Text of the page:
RECENT DECISIONS: CIVIL RIGHTS - Title VII Protection For Centerfold - Burns v. McGregor Electronic Industries, Inc., 955 F.2d 559 (8th Cir.), on remand to 807 F. Supp. 506 (N.D. Iowa 1992), rev'd, 989 F.2d 959 (8th Cir. 1993). Skip over navigation
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Copyright (c) 1993 Temple University of the Commonwealth System of Higher Education
Temple Law Review

RECENT DECISIONS: CIVIL RIGHTS - Title VII Protection For Centerfold - Burns v. McGregor Electronic Industries, Inc., 955 F.2d 559 (8th Cir.), on remand to 807 F. Supp. 506 (N.D. Iowa 1992), rev'd, 989 F.2d 959 (8th Cir. 1993).

Fall, 1993

66 Temp. L. Rev. 1039

Author

Caroline M. Kurz

Excerpt





Title VII of the Civil Rights Act of 1964 prohibits employment discrimination on the basis of an "individual's race, color, religion, sex, or national origin." 1 Prior to 1976, courts refused to recognize sexual harassment as sex discrimination under Title VII. 2 In 1980, however, the Equal Employment Opportunity Commission ("EEOC") promulgated guidelines that specifically stated that sexual harassment is a form of sex discrimination prohibited by Title VII. 3 Since 1980, the United States Supreme Court and lower federal courts have consistently referred to the EEOC guidelines in recognizing sexual harassment as sex discrimination under Title VII. 4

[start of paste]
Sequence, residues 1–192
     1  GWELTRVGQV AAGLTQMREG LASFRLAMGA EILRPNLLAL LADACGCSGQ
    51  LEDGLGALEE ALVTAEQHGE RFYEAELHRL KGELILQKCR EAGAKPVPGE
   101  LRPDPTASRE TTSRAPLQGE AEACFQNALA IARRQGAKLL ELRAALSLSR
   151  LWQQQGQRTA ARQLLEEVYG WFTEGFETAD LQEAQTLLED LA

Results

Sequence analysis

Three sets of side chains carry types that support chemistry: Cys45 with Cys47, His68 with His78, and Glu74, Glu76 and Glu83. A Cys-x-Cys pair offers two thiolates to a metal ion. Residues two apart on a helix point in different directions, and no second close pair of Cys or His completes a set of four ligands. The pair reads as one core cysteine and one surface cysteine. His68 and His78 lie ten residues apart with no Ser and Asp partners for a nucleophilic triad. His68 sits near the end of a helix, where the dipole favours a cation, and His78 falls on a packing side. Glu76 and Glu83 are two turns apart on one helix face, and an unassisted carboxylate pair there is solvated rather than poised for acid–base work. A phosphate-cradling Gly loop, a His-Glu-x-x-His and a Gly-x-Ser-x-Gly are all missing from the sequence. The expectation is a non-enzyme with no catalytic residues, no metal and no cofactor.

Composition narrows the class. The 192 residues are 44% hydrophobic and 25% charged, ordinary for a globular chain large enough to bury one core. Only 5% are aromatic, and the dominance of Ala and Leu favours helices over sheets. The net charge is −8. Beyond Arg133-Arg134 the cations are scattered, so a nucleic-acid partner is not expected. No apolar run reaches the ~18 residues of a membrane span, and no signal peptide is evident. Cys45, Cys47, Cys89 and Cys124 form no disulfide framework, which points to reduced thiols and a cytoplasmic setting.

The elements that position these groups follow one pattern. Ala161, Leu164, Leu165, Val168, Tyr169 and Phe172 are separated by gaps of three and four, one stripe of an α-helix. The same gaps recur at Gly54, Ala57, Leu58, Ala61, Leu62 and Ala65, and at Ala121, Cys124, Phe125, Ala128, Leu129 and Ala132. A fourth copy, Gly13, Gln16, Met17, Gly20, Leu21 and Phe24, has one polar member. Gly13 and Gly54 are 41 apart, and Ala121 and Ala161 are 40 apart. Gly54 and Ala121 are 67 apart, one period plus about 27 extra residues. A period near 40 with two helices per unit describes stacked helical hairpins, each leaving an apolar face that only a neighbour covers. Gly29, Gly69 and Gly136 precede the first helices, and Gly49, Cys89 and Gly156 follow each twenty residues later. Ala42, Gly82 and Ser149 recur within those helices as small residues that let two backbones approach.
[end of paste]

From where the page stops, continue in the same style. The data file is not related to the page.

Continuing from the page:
In 1986, the United States Supreme Court first addressed the issue of workplace sexual harassment in Meritor Savings Bank v. Vinson. 5 The Meritor Court unanimously held that sexual harassment that creates a "hostile environment" constitutes illegal sex discrimination under Title VII. 6 The Court restricted actionable hostile work environment claims to harassment that is so severe and pervasive that it alters the conditions of employment and creates a hostile and abusive work environment. 7 The Court, however, failed to provide the lower federal courts with standards to assess whether the alleged sexual harassment is so severe and pervasive as to create a hostile work environment under Title VII. 8

Because the Supreme Court provided little guidance, the lower federal courts developed several different tests to evaluate hostile work environment claims of sexual harassment. The first approach involves a two-pronged test: an objective test based on the ...
 
 
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